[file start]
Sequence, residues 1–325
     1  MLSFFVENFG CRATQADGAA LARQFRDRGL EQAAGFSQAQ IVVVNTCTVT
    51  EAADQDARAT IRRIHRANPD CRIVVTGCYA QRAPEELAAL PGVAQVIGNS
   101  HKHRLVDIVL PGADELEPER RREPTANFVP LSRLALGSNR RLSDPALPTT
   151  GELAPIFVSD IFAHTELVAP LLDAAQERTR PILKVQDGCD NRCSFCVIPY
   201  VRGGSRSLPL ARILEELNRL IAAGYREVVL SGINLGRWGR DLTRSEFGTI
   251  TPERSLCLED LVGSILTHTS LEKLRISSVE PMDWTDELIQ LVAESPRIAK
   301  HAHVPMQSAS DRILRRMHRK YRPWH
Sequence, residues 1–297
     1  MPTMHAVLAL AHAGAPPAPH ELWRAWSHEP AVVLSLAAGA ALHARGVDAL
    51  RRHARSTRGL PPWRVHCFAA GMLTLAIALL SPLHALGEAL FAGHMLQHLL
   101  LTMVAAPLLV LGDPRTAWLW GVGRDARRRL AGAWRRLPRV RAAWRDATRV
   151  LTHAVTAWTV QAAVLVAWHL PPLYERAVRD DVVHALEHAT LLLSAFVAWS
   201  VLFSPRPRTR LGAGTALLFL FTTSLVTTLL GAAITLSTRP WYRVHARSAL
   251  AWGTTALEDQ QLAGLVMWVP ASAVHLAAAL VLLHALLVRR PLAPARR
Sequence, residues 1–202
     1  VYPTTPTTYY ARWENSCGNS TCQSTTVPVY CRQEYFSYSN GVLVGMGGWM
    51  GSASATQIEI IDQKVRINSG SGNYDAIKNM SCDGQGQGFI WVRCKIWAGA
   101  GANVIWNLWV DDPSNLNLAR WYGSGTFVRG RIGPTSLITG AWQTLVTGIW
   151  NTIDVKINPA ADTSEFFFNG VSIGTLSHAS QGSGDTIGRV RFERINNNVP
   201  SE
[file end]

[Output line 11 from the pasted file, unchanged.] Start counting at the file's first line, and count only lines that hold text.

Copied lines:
    51  RRHARSTRGL PPWRVHCFAA GMLTLAIALL SPLHALGEAL FAGHMLQHLL